2.4) In addition, for complex procurements (e.g. those carried out under the Negotiated Procedure/Competitive Procedure with Negotiation or Competitive Dialogue), it may be appropriate to allow bidders to mark-up the authority’s proposed contract terms so that they reflect the proposed solution. Changes to the terms may impact the selection of the most economically advantageous tender, e.g. by altering the balance of risk. The
evaluation model will need to include a methodology for evaluating such changes.

2.5) There are a number of ways in which award criteria may be assessed. Some of the most common include:

(a) Pass/fail thresholds: assessments where the minimum acceptable limit can be expressed clearly and unambiguously
(b) Qualitative assessment, where bidders’ responses are assessed against a scoring matrix offering a narrative description for each available score; and
(c) Quantitative assessment, where bidders’ responses are assessed on a numeric basis (commonly used for assessing pricing or objective assessments of actual performance characteristics).

2.6) If some of the authority’s requirements are essential (i.e. “mandatory”), the authority may apply pass/fail thresholds, as described above, or require a minimum score to be achieved for the relevant award criterion. In these cases, the authority must be clear in the tender documents when the bidder’s solution must meet the minimum threshold, e.g. at the time of bidding or at a point related to future delivery.

3) QUESTION: Should we use generic or common score guidance for all the questions or is it best to tailor the scoring guidance depending on the question?

3.1) It depends. The scoring guidance can be common across all of the criteria in a procurement process or bespoke for each or some of the criteria. But whichever approach is chosen, the key question to ask is: Does
the proposed scoring guidance clearly tell bidders how their responses to the evaluation criteria will be scored?

3.2) Where the language used in the evaluation criteria or scoring guidance is ambiguous, imprecise or overly complex, there is a greater risk of the procurement being challenged and of any such challenge ultimately
being successful. The benchmark test is whether a “reasonably well-informed and normally diligent” bidder could be expected to understand the criteria, how its response would be scored and how a given score would affect its bid. This is sometimes knows as the “RWIND” test.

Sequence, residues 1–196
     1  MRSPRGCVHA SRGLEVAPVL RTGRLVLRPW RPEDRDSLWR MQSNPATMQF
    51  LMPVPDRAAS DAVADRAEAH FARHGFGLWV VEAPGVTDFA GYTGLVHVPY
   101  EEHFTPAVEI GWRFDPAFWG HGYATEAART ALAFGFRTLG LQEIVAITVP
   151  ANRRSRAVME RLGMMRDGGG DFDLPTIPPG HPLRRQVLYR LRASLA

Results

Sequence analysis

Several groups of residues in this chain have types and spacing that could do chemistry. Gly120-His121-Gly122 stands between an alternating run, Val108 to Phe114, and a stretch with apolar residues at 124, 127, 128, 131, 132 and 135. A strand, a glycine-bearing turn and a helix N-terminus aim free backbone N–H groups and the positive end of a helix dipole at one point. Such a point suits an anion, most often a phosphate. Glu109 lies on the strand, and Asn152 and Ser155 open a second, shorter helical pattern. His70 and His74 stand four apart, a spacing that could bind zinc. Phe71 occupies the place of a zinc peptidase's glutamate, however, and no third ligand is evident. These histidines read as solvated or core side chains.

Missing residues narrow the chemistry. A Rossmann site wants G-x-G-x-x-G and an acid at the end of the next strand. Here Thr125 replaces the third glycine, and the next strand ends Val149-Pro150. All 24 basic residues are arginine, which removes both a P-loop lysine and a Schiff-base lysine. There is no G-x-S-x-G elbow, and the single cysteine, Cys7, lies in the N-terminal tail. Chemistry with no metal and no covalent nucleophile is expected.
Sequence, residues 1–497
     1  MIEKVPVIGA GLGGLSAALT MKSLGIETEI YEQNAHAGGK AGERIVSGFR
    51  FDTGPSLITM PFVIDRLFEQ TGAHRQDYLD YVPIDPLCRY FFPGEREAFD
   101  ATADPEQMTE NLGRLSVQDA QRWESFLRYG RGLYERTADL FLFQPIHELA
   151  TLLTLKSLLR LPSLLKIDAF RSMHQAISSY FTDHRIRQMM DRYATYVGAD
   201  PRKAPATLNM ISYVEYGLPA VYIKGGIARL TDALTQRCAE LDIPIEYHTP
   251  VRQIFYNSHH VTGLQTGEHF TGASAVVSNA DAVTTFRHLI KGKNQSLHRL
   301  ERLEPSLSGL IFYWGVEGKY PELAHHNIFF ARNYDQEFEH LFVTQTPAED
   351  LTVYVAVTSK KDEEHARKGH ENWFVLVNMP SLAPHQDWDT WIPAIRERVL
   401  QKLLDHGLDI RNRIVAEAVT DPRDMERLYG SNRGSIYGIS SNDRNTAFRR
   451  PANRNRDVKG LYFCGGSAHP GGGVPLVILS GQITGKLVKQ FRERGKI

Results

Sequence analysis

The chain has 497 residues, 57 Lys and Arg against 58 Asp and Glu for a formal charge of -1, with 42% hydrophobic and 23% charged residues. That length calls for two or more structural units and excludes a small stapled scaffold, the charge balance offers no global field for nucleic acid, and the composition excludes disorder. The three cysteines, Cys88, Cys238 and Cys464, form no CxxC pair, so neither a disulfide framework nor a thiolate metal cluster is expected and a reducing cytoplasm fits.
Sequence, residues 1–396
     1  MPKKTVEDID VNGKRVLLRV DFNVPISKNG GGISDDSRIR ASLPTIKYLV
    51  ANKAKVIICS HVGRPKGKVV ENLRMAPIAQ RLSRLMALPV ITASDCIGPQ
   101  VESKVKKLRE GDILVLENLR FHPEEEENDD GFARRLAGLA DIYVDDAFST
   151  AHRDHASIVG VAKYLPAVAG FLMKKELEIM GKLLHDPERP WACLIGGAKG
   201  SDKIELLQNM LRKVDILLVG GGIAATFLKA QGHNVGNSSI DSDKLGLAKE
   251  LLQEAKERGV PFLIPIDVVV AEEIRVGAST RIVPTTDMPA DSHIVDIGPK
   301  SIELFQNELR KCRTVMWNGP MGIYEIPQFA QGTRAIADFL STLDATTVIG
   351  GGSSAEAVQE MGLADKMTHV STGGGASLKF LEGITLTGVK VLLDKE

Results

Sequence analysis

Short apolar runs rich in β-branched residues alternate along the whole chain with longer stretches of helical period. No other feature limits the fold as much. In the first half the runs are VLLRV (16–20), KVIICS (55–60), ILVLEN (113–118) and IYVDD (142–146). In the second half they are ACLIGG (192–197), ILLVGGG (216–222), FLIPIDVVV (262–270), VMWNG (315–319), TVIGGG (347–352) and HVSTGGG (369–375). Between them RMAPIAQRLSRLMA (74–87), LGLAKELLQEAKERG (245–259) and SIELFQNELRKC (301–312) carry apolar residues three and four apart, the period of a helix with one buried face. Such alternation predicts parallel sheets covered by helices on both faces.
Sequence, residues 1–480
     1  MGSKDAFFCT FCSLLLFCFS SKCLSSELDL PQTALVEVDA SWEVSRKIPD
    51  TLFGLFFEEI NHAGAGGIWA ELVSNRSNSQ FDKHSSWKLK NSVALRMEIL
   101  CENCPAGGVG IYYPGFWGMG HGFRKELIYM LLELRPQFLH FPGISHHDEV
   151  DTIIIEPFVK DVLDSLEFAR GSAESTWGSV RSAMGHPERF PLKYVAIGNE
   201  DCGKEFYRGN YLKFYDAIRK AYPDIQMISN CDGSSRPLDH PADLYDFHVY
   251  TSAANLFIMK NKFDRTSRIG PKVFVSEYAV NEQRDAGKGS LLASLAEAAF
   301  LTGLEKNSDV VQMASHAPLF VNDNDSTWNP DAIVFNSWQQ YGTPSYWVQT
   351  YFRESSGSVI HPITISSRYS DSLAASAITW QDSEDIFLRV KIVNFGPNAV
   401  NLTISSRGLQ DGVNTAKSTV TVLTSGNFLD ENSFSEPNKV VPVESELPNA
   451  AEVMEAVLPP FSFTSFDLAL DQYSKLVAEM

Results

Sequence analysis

3.3) Where an authority wishes to reject a bid which fails to meet fails to meet all or some of the authority’s mandatory or minimum requirements, the tender documents must include an express statement to that effect
(e.g. “If the minimum score is not achieved for question [1], the bid will be excluded from the competition and the bidder will not be awarded the contract”). Case law indicates that simply stating that the bidder will be awarded a “fail” is not enough to give rise to a right to exclude a bid from the competition.

3.4) Employing common scoring guidance for all the evaluation criteria can save time. However, for complex procurements with multiple risks and diverse requirements, it is likely to be more effective to evaluate different aspects of the tender in different ways.

4) QUESTION: What question formats or structure best aid both the bidder (understanding) and the evaluator (assessing and scoring)?

4.1) Simplicity is key. Tender documents should clearly set out the criteria being evaluated, the response required and how the response will be evaluated. A suggested structure is available by clicking here.

4.2) The tender documents should also clearly set out:

(a) Any page or word limits that bidders must adhere to when responding. Limits should ideally be set out for each question and the tender documents should state the consequences of a bidder exceeding the limit (e.g. that any words over the limit will be ignored). If page limits are used, instructions should be included on font size, margins and spacing, as well as any exclusions (e.g. for diagrams/CVs). It is normal for criteria with higher relative weighting or lengthy evidence/response requirements to be afforded larger page or word limits.

(b) When tendering electronically acceptable file types should be specified. Generally, file types should be restricted to those that are available to Authority assessors (e.g. standard applications on local desktop environments).

(c) A warning against bidders providing extraneous items (e.g. marketing material) or referring to other parts of their bid which are not included in the expressed limits.